LAS VEGAS -- Alleging unfair pricing practices between the major Hollywood studios and large video specialty chains, like Blockbuster Entertainment, Dallas, a group of dissident retailers staged a meeting during the Video Software Dealers Association show here last week.
During the meeting, Bob Webb, president of the Independent Video Retailers Group, Decatur, Ill., outlined the suspected violations of antitrust laws and solicited funds for additional research and a possible lawsuit.
Retailers in attendance, including some involved in supermarket video operations, seemed very sympathetic to his views, with some agreeing to commit money. The issue is an important one for supermarkets, whose video operations can't match the size or buying clout of major video specialty chains.
In his state of the industry address during the VSDA's Business Session, Jeffrey P. Eves, president of the VSDA, based in Encino, Calif., noted the association's obligation to represent all members of the industry and announced the formation of a task force to evaluate and report back on issues affecting independent retailers. The VSDA is committing $100,000 to the task force and expects a task force report to be ready for the East Coast Video Show, which will be held Oct. 6 to 8 in Atlantic City, N.J.
The dissident retailers' meeting, which drew a crowd estimated at 1,000 by the organizers to a site away from the Las Vegas Convention Center on the first day of the convention, drastically cut show traffic, according to exhibitors. The VSDA, which counts Blockbuster and studios among its members, would not allow the IVRG to stage the meeting at the convention center. The event was publicized with signs proclaiming, "Independent Retailers at War," and had a distinct militaristic flavor.
"At what point are we going to say enough is enough?" Webb asked. Acknowledging that no one in the group had first-hand knowledge of the big video chains' deals with the studios, he added, "what we really seek is to know the truth and we will live with that truth, whatever it is."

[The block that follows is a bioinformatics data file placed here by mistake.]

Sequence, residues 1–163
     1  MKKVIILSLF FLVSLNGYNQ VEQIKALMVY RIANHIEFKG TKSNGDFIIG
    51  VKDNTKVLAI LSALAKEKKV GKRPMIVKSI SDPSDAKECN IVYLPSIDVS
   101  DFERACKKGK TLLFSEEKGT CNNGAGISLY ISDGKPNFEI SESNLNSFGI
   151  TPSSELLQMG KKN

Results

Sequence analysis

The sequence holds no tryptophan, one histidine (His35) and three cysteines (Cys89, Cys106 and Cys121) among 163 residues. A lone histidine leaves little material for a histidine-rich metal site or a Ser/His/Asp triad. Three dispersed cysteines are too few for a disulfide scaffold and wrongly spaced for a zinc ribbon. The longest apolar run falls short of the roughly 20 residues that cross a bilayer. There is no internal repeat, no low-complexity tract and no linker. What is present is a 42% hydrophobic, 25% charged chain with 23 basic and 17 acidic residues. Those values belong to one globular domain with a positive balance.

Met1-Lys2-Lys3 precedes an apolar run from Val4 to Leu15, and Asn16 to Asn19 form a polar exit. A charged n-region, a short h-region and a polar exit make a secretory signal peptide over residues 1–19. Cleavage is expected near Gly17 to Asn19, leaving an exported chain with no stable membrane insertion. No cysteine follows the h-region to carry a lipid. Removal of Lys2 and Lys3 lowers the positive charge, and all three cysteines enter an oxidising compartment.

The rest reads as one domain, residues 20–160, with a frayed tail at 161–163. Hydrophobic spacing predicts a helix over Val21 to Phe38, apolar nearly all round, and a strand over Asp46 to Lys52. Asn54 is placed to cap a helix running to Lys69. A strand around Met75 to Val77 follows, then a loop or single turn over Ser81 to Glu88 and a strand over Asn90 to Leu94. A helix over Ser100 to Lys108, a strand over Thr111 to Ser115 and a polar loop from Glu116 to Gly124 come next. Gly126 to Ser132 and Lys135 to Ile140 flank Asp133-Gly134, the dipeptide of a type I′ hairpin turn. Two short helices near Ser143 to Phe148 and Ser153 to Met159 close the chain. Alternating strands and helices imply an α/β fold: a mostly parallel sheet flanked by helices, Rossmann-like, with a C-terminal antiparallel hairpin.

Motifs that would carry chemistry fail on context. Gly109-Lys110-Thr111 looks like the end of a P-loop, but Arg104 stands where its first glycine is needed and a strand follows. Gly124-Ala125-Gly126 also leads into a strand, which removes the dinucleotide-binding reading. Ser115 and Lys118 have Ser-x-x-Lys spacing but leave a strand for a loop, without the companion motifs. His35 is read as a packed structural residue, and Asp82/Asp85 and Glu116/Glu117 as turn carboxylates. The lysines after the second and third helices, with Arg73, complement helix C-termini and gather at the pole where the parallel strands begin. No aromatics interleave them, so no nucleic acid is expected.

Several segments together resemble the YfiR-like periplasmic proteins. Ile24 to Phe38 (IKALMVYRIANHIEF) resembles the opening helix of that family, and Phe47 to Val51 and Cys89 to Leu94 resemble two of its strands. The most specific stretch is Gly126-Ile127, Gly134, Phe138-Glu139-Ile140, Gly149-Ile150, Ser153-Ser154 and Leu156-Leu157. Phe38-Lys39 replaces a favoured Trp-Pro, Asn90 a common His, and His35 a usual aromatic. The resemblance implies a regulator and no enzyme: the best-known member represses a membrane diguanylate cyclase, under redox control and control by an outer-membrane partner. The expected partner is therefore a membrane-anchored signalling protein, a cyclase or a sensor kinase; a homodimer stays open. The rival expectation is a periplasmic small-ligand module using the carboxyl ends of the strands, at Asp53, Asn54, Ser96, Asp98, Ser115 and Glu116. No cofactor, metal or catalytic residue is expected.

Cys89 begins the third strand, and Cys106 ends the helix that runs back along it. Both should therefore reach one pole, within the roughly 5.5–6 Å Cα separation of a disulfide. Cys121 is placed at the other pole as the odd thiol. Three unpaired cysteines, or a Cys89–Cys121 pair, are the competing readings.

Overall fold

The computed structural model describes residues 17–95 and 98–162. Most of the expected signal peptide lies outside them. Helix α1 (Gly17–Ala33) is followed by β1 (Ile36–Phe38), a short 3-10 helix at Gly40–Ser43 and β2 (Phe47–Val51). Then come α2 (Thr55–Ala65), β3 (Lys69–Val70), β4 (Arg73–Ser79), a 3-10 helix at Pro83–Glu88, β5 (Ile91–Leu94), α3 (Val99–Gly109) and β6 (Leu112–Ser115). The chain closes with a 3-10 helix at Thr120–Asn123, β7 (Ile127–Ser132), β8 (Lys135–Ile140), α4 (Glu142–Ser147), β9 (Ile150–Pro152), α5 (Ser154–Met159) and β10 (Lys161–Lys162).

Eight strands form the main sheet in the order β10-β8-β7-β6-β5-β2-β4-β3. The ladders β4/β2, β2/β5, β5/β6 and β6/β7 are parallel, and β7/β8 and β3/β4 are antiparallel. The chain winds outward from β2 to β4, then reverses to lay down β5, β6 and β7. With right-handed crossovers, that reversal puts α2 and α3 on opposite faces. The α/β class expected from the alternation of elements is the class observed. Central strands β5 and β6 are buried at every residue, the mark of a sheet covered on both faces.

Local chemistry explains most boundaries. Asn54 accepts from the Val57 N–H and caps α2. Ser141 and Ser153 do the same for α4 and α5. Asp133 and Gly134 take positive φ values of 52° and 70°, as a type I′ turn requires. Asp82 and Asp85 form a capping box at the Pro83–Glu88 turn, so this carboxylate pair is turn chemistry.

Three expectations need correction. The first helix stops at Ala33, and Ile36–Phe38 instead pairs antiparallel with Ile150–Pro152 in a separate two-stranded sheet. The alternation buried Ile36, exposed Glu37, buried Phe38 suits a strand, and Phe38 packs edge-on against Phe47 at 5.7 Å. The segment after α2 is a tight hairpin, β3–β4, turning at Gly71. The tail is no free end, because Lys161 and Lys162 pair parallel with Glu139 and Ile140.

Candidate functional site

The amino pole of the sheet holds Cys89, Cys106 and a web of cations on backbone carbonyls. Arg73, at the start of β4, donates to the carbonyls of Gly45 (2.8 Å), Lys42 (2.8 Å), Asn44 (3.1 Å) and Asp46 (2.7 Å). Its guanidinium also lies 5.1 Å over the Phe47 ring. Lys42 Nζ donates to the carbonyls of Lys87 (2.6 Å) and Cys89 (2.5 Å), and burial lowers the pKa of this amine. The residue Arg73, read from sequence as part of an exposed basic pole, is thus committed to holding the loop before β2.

Competitive fairness is one of the hottest issues to be raised during a VSDA convention in many years, said industry observers.
The dissident retailers said that ever since Blockbuster cut special revenue-sharing deals with the major studios, began stocking new release titles in greater depth than ever, and guaranteeing availability of these movies, using the tagline, "Go Home Happy," their business has suffered drastically.
For example, Webb cited research that showed retailers within 3 miles of a Blockbuster store have suffered an 11% decline in revenues from 1997 to 1998, while those beyond 3 miles of a Blockbuster saw revenues increase 8%. As a result, the number of video retailers getting out of the business is accelerating, said Webb.
This has affected supermarkets with smaller video operations as much as independent video chains.
"It's affecting every single person in the industry except for the large public chains," said Matt Feinstein, vice president of Marbles Entertainment, Los Angeles, which operates 15 video shops in Vons and Lucky supermarkets in southern California.
"I'm sure supermarkets are not getting the same deal as Blockbuster," said Rich Thorward, president of Entertainment Resources, Edgewater, N.J., another of the presenters at the meeting.
In an address during the VSDA's Business Session, John Antioco, chairman and chief executive officer of Blockbuster Entertainment, denied that Blockbuster is keeping 70% of the revenues it shares with studios and also said that the chain has no exclusive deals. He stressed his commitment to building the entire video business along with Blockbuster's revenues and profits.
In his presentation, Webb made extensive use of an article appearing in Forbes magazine June 15, 1998 quoting Sumner Redstone, chairman of Viacom, New York, corporate parent of Blockbuster and Paramount Pictures, Hollywood.
The article quoted Redstone as saying Blockbuster paid nothing for some tapes under revenue-sharing agreements and had to share as little as 30% of the rental transaction revenues. This reflects pricing that other video retailers cannot obtain on their own, either through shared-revenue distributor Rentrak Corp., Portland, Ore., or through upcoming shared-revenue programs from traditional distributors, and is therefore unfair, Webb said.